5.7 Limitations of National E-Government Evaluation Models The majority of models, such as the UN, Capgemini, and Brown, are based on objective measures and follow a quantitative approach; only Accenture uses hybrid measures (Salem, 2008). The quantitative method may lead to a dilemma if not designed properly. Curtin (2006) has said that higher ranking may not predict better performance, since most surveys do not evaluate qualitative issues such as the quality of service or the citizen usage of e-Government. Furthermore, Jansen (2005) has showed that a number of experts have interpreted the framework differently. Another problem with most of these models is their focusing on the supply side (government) not the demand side (citizen and business) of e-Government (Berntzen & Olsen, 2009). Two examples of the supply-side models are West and Capgemini, while the demand-side models are like Gartner and HHS guidelines (Rorissa et al., 2011; Flak et al., 2005; Scowen, 2007). The imbalance of the abundance of government-side surveys compared with the scarcity of citizen-side studies has led to a misinterpretation of the final objective of eGovernment. The existing practices are pushing countries to prioritize getting good ratings for creating many services without caring whether citizens use them or not (Montserrat, 2010). Accenture tries to overcome this shortcoming and uses interviews to determine the citizen’s point of view.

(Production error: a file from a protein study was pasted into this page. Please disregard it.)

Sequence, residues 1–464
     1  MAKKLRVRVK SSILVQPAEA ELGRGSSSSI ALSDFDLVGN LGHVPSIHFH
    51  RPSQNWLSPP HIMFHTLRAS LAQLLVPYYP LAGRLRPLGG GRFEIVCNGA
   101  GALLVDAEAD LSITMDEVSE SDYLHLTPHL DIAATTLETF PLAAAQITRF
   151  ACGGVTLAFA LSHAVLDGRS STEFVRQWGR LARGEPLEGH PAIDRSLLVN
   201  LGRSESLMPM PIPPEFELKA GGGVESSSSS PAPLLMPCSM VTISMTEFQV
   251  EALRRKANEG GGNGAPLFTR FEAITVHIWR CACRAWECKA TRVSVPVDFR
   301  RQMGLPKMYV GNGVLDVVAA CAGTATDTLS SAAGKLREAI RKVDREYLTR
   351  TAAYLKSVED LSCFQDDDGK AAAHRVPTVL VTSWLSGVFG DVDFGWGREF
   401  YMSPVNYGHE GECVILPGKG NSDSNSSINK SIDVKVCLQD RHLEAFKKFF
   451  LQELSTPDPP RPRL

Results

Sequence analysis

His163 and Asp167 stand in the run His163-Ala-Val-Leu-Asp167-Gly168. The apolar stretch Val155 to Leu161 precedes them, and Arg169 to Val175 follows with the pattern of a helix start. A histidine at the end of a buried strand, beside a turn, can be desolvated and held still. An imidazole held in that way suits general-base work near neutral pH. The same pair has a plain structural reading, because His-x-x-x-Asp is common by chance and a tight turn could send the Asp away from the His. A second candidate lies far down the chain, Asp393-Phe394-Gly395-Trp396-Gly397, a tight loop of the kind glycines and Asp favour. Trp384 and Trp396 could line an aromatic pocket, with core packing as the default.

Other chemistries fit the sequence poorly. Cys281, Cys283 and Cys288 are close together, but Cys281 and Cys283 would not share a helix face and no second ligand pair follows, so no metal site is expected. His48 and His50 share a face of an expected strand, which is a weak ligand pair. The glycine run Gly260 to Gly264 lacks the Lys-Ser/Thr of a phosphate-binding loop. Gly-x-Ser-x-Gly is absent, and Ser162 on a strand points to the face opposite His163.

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Unfortunately, most countries launch e-Government through the “quick fix, quick wins” principle and hastily construct the e-equivalent of a bureaucratic administration (Kunstelj, & Vintar, 2004). Usually, countries reach the second stage easily and quickly, as it takes no great effort to supply information, forms, and emails. In contrast, a website that advances from stage 3 to stage 4 has to go through tremendous changes that require massive efforts and resources to provide transaction and a one-stop portal (Rorissa, Demissie, & Pardo, 2008). In fact, the conceptualization into stages is doubtful. There has been some criticism aimed at stage models, focused on the evolutionary aspect and the quality assumptions of these models: 1) The assumption that evolutionary stages are independent seems not to be true empirically. An e-Government website may have characteristics of multiple stages; 2) The assumption that evolutionary stages are consecutive, linear progressing and higher stages include lower stages, seems not to be true empirically also. The models predict that the e-Government evolutions occur in pre-described order; first stage 1 occurs and then stage 2 and so on, but in practice the stages occur simultaneously. It could be that s ome e-portals had characteristics of advanced stages but did not have features from the early stages (Sandoval-Almazan & Gil-Garcia, 2008a, 2008b; Goldkuhl & Persson, 2006) .Other researchers have criticized Web metrics proposed for Web systems because they tend to be simplistic and define very general criteria (Signore, 2005) or are not well defined at all (Calero et al., 2005). There is a rush to develop more Web metrics without any kind of validations, which may make the use of them dangerous and difficult. Calero et al. (2005) have found 3% of metrics in the literature validated theoretically and 37 % validated empirically; there are also hundreds of Web metrics available, but no guidelines for their use. The lack of evaluations of existing metrics leads researchers to develop more new metrics without knowing how similar these metrics are or what each metric is measuring (Vigo & Brajnik, 2011). The UN model is widely used by many studies, and it is unique in including three measures (Berntzen, & Olsen, 2009). Yildiz (2007), however, has concluded that the UN and Layne and Lee models are oversimplifications. Abanumy, Mayhew, and Al-Badi (2003) have criticized the UN model for being too general and having too many features. The problem in ranking occurs when a website covers some but not all features in a certain stage; then, it cannot be ranked correctly as belonging to any stage, and it is difficult to distinguish between a ministry that fulfills 100% of the stage features and one that fulfills just 20%. The authors have tried to solve this problem by splitting each UN stage into three layers. The Brown University reports lack a detailed description of their e-Government methodology (Schellong, 2009). They give more weight to the number of features and too little to services, underestimating their importance. A government website offering 28 services is presented as equal in score to another website offering hundreds of services, because the maximum score for services is 28. In addition, the reports check only the presence of services without measuring their quality. Rorissa et al. (2008) have examined the profiles of two government websites according to the Brown University model and concluded that the model may suggest inaccurate conclusions. A country with a single e-Government website may have the same eGovernment index value as a country with five websites. Another criticism for the Brown University model is that it has decreased its measurement criteria over the years; in 2001, 2002, 2003, 2004, 2005, and 2006, the number of measures were 24, 25, 20, 19, 19, and 18, respectively (Holzer & Kim, 2005). Consequently, there were inconsistencies in annual rankings from year to year; for instance, Portugal has fluctuated in ranking from position 182 to 133, 31, 86, 43, 48, 7, and then 18 in an eight-year period (Schellong, 2009). Essentially, the strength of the Accenture model lies in the evaluation of the maturity of e-services following a hybrid methodology, quantitatively assessing the breadth and depth of e-services and qualitatively appraising the customer service delivery. Another strength is the new indicator introduced in 2007, “citizen voice,” which integrates user views of e-Government. On the other hand, this model’s main weakness is its continual changes in methodology and measurements, which make it impossible to compare e-Government rankings over the years (Berntzen & Olsen, 2009). Furthermore, Accenture provides no details of measured services and their maturity scores. Thus, the calculation of the indices is not reproducible. Kunstelj and Vintar (2004) have implied that Accenture lacks an evaluation of integrated services, and since it focuses on only 22 countries, this model is limited in its application. The most common critique of the Capgemini model is its focus on the government side only. Also, Kunstelj and Vintar (2004) criticize the Capgemini for its measuring the availability of 20 public services despite some of